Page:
Machine Learning Coursera’s Notes – Week 3

01 September 2020

My notes from the Machine Learning Course provided by Andrew Ng on Coursera

Logistic Regression

Example of classification problem:

• Email: Spam/Not spam?
• Online transaction: Fraudulent (Yes/No)?
• Tumour: Malingnat/Benign?

$y \in \{0,1\}$ where $0$ - "Ngative class" $1$ - "Positive class"

Multiclass classification problem $y \in \{0,1,2,3,...\}$

How to develop a classification algorithm?

Example of a training set for classification task:

For this data set applying linear regression algorithm: $h_{\theta}(x)=\theta^Tx$ and it could finish like below:

For prediction, it could be useful to try to do the threshold:

Threshold classifier output $h_{\theta}(x)$ at $0.5$: (vertical axis value)

• If $h_{\theta}(x) \geqslant 0.5$, predict "$y=1$"
• If $h_{\theta}(x) < 0.5$, predict "$y=0$"

What happens if a problem will change a bit?

By adding one positive example cause linear regression to change, it's a straight line to fit the new data. It causes (in this example) a worse hypothesis.

Conclusion: Applying linear regression to classification problem often isn't a good idea

Funny bit of using linear regression on classification problem: Classification: $y=0$ or $y=1$ but $h_{\theta}(x)$ can be $>1$ or $<0$ So even when if we know that label should be $0$ or $1$, the linear regression could back with output values much larger than $1$ or much smaller than $0$.

Hypothesis Representation

Logistic Regression Model

Want $0 \leqslant h_{\theta}(x) \leqslant 1$

$h_{\theta}(x) = g(\theta^Tx)$

$g(z) = {1 \over {1 + e^{-z}}}$ (two different names for the same function: sigmoid function and logistic function )

$\begin{rcases} h_{\theta}(x) = g(\theta^Tx) \\ g(z) = {1 \over {1 + e^{-z}}} \end{rcases}⇒h_{\theta}(x)={1 \over {1 + e^{-\theta^Tx}}}$

$z$ - real number

Sigmoid function

Parameters: $\theta$

Interpretation of Hypothesis Output

$h_{\theta}(x)$ - estimated probability that $y=1$ on input $x$

Example:

$\text{if } x = \begin{bmatrix} x_0 \\ x_1 \end{bmatrix} = \begin{bmatrix} 1 \\ \text{tumor size} \end{bmatrix}$

$h_{\theta}(x) = 0.7$ Tell patient that 7-% chance of tumor being malignant

$h_{\theta}(x) = P(y=1|x;\theta)$ - probability that $y=1$, give $x$, parameterized by $\theta$

Because this is a classification problem, then $y$ can get only two values: $0$ or $1$

$P(y=0|x;\theta) + P(y=1|x;\theta) = 1$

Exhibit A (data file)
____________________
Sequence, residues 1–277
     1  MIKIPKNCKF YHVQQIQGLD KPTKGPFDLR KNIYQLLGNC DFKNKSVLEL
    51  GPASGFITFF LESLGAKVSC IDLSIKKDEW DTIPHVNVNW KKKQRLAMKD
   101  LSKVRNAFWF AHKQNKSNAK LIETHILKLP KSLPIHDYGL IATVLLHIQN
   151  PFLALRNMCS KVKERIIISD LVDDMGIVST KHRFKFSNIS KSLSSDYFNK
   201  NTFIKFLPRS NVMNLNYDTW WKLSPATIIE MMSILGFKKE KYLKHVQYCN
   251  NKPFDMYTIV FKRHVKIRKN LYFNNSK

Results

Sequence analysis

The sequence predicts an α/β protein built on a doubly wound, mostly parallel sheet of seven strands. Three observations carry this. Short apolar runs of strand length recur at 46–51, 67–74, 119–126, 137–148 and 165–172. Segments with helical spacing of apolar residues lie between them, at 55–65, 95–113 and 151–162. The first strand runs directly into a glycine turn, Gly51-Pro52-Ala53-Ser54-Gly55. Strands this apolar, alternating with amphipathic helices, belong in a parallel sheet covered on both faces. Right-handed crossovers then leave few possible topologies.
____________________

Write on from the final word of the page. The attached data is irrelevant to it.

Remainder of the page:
$P(y=0|x;\theta) = 1 - P(y=1|x;\theta)$

Decision Boundary

Logistic Regresion:

$h_{\theta}(x) = g(\theta^Tx)$

$g(z) = {1 \over {1 + e^{-z}}}$

Predict $"y=1"$ if $h_{\theta}(x) \geqslant 0.5$

Predict $"y=0"$ if $h_{\theta}(x) < 0.5$

$g(z) \geqslant 0.5$ when $z \geqslant 0$

$h_{\theta}(x) = g(\theta^Tx) \geqslant 0.5$ where $\theta^Tx \geqslant 0$

Training set

$h(_{\theta}(x) = q(\theta_0 + \theta_1x_1 + \theta_2x_2)$

Based on the plot: $h(_{\theta}(x) = q(-3 + 1x_1 + 1x_2)$

so: $\theta = \begin{bmatrix} -3 \\ 1 \\ 1 \end{bmatrix}$

Predict: $"y=1"$ if $-3 + x_1 + x_2 \geqslant 0$

$-3 + x_1 + x_2 \geqslant 0$

$x_1 + x_2 \geqslant 3$ - will create a sraight line

Excercise:

$\theta_0=5; \theta_1=-1; \theta_2=0;$

$h_{\theta}(x) = g(5-x_1)$

so: $x_1 \geqslant 5$

Non-linear decision boundaries

$h_{\theta}(x) = g(\theta_0 +\theta_2x_2 + \theta_3x_1^2 + \theta_4x_2^2)$

$\theta = \begin{bmatrix} -1 \\ 0 \\ 0 \\ 1 \\ 1 \end{bmatrix}$

Predict $"y=1"$ if $-1 + x_1^2 + x_2^2 \geqslant 0$

$x_1^2 + x_2^2 = 1$

More complex decision boundaries

$h_{\theta}(x) = g(\theta_0 +\theta_2x_2 + \theta_3x_1^2 + \theta_4x_2^2 + \theta_5x_1^2x_2^2 + \theta_6x_1^3x_2 + ...)$

Cost Function

Supervised learning problem:

Training set: $\{(x^{(1)}, y^{(1)}), (x^{(2)}, y^{(2)}), ... , (x^{(m)}, y^{(m)})\}$

$m$ examples:

$x \in \begin{bmatrix} x_0 \\ x_1 \\ \vdots \\ x_n \end{bmatrix}$ $x_0 =1, y \in \{0,1\}$

$h_{\theta}(x) = {1 \over 1 + e - \theta^Tx}$

How to choose parameter $\theta$?

Cost function

Linear regression: $J(θ)=\frac{1}{m} \displaystyle\sum_{i=1}^m \frac{1}{2} (h_θ (x^{(i)})-y^{(i)})^2$

An alternative way of writing this function:

$J(θ)=\frac{1}{m} \displaystyle\sum_{i=1}^m cost (h_θ (x^{(i)}), y)$

so: $Cost (h_θ (x^{(i)}), y) = \frac{1}{2} (h_θ (x^{(i)})-y^{(i)})$

This function is fine for linear regression.

For logistic regression would also work fine, but as well would be a non-convex function of the parameters $\theta$

Example: